Sunday, June 26, 2005

~ give your client the experience of her life ~

Small Firm Business has a marketing article, How to Really Set Yourself Apart From the Competition, which is a bit thin in ideas, but one important message is underscored: as a provider of services you are selling an experience. The client lands, or perhaps stays, on your doorstep, not because you're the best in the field but because of the quality of your customer service. It's obvious but a good reminder.

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~ missouri employers - take note ~

A recently enacted Missouri statute places explicit requirements on employers when requesting employee social security numbers.

Employers may avoid running afoul of the state statute by asking job hunters to send their applications — with Social Security numbers — by fax or postal service.

Read the article [free registration required; bypass with]

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Sunday, June 19, 2005

~ expand your autopsy knowledge ~

Stop in for a virtual visit to an autopsy and find out what you didn't learn in law school. Not safe for viewing before lunch. Or after.

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~ indiana court recognizes a google search as part of due diligence ~

The notion of due diligence in locating a party with an interest in the matter being litigated is somewhat inspecific. InternetCases reports on the Indiana Appellate Opinion that identified a Google search as a component of a diligent search.
Bays does not necessarily establish the minimum that should be required for a showing of due diligence in locating a missing litigant. We do note that there is no evidence in this case of a public records or internet search for Groce or the use of a skip-trace service to find him. In fact, we discovered, upon entering "Joe Groce Indiana" into the Google™ search engine, an address for Groce that differed from either address used in this case, as well as an apparent obituary for Groce’s mother that listed numerous surviving relatives who might have known his whereabouts. Link to the opinion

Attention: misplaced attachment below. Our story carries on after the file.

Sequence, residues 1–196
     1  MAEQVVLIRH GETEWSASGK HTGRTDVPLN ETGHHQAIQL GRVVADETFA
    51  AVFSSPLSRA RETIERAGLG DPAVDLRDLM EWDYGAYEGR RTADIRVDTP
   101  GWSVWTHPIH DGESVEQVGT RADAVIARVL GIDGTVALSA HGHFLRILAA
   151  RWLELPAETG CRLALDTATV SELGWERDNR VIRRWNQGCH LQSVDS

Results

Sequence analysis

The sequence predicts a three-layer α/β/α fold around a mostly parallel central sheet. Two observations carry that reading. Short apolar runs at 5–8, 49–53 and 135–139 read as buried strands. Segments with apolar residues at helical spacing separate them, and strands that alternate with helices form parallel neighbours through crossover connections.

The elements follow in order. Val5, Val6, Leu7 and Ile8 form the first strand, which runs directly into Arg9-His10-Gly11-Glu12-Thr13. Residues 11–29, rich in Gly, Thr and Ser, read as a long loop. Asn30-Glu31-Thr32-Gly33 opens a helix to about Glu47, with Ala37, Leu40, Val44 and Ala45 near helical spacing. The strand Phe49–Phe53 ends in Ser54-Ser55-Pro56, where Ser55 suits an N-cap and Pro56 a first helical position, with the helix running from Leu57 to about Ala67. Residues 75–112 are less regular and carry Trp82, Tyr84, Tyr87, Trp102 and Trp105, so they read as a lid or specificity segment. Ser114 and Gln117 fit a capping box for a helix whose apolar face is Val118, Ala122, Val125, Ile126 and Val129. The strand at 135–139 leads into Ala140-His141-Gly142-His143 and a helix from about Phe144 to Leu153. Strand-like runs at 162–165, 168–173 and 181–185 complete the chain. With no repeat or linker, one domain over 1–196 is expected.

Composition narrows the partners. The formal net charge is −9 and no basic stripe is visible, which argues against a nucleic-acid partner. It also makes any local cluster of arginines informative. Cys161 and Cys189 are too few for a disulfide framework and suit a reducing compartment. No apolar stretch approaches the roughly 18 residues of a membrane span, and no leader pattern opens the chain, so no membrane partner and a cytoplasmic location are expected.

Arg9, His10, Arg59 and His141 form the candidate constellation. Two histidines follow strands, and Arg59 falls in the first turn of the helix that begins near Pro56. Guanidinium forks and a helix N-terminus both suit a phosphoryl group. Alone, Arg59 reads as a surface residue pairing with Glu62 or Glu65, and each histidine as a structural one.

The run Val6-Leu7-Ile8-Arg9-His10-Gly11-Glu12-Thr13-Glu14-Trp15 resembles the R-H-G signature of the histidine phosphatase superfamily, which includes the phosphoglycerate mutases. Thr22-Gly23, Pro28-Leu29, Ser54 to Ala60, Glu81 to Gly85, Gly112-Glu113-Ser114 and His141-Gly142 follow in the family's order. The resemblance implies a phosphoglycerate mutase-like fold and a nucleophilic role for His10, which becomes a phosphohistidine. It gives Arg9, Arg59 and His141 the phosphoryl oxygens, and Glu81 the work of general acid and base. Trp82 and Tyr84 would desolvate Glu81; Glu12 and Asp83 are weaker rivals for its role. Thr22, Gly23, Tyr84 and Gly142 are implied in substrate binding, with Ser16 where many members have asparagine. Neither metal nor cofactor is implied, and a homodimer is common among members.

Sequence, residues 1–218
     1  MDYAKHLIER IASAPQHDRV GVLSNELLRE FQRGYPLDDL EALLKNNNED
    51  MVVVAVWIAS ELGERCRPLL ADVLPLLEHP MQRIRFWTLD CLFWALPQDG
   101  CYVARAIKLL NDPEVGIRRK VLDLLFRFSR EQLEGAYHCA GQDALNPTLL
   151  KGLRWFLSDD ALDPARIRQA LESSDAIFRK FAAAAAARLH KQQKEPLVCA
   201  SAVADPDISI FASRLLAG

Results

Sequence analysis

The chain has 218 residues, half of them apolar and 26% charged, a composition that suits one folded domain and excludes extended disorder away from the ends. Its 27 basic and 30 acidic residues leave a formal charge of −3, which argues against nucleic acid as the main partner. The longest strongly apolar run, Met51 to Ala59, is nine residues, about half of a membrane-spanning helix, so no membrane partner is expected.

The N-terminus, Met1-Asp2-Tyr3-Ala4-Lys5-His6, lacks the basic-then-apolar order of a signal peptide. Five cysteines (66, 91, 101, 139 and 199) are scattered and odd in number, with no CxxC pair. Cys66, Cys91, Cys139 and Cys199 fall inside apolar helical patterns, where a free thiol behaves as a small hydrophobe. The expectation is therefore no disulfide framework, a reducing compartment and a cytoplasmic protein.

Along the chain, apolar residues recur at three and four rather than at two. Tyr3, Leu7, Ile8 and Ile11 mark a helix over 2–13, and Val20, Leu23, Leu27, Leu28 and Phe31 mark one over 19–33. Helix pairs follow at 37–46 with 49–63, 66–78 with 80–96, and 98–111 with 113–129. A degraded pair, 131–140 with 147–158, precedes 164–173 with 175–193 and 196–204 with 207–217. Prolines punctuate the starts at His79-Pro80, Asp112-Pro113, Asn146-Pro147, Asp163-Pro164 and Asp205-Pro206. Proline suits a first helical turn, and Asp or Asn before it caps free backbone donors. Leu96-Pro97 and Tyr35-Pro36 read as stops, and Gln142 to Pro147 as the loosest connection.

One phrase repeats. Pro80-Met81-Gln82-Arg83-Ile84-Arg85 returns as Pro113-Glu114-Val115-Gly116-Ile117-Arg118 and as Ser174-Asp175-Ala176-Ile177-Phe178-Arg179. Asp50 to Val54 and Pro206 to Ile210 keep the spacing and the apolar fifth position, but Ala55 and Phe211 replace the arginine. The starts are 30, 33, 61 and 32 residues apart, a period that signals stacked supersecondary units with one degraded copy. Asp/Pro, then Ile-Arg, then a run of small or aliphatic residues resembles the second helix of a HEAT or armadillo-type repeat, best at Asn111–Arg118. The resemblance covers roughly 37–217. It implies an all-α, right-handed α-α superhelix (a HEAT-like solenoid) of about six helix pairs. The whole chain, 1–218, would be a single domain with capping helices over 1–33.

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Thursday, June 09, 2005

~ settle down -but not so fast ~

The ABA Journal reports on a possible case of an arm-twisting settlement in the Los Angeles County Archdiocese sex abuse cases.
In an appeal by the church’s insurers, the California Court of Appeal in Los Angeles vacated the settlement judge’s written orders. Noting that it hadn’t been informed of the settlement, the court said the judge had “exceeded his authority by making factual findings and otherwise preparing a coercive order in violation of the fundamental principles governing mediation proceedings.” Travelers Casualty and Surety Co. v. Superior Court, 126 Cal. App. 4th 1131 (Feb. 15).
The ADR folks argue for cooperation rather than coercion and make a case for incorporating this approach into the code regulating judicial ethics.

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~ state by state guide to medical statutes of limitation ~

The National Conference of State Legislatures recently revised their chart, STATE MEDICAL MALPRACTICE TORT LAWS, which lists relevant code citations related to:
Statutes of Limitation
Limits on Damage Awards
Pre-trial Screening and Arbitration
Joint and Several Liability
Expert Witnesses

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Friday, June 03, 2005

~ get thee to the nearest shredder ~

It seems that this is one of those words of caution and matter of law that we can't reiterate too frequently: institute a document destruction policy and implement it consistently.

A new federal rule that took effect Wednesday requires all businesses and individuals to destroy private consumer information obtained from credit bureaus and other information providers in determining whether to grant credit, hire employees or rent an apartment. Read an article

And from the geek corner. Companies are finding a niche in document destruction.

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